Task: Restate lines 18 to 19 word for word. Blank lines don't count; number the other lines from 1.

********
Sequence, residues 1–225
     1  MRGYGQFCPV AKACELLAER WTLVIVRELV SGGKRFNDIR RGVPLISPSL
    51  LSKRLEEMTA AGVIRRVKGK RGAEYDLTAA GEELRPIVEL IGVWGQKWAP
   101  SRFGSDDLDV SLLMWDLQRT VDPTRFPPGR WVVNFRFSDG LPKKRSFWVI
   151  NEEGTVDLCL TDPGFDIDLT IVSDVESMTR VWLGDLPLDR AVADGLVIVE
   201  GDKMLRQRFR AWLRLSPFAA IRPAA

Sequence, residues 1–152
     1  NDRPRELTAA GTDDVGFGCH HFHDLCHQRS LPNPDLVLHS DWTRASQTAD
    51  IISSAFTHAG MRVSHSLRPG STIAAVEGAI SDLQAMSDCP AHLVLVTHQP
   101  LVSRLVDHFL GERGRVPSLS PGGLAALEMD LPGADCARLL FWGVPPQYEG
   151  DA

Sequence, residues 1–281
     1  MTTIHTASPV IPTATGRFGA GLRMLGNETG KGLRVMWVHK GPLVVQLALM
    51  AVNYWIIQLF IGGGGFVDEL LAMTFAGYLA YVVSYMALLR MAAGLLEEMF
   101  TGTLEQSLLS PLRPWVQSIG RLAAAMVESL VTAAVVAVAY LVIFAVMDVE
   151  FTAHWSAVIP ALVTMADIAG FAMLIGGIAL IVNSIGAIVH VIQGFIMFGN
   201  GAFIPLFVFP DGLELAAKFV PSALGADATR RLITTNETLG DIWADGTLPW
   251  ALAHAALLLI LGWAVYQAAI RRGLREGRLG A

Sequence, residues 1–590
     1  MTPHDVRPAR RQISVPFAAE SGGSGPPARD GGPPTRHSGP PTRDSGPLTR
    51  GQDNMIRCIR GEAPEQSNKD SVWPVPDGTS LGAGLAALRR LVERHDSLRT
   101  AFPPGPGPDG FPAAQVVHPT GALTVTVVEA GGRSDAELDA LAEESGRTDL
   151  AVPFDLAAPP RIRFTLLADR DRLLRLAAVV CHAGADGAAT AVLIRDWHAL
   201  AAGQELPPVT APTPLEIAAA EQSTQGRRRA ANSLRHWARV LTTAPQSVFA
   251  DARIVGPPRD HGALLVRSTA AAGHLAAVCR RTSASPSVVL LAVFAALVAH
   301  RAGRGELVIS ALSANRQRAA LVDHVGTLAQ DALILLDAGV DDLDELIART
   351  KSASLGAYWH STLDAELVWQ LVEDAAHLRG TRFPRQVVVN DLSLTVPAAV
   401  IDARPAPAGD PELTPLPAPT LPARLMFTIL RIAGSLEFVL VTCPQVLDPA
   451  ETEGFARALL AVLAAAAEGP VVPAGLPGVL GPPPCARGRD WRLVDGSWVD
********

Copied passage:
   251  ALAHAALLLI LGWAVYQAAI RRGLREGRLG A

Sequence, residues 1–590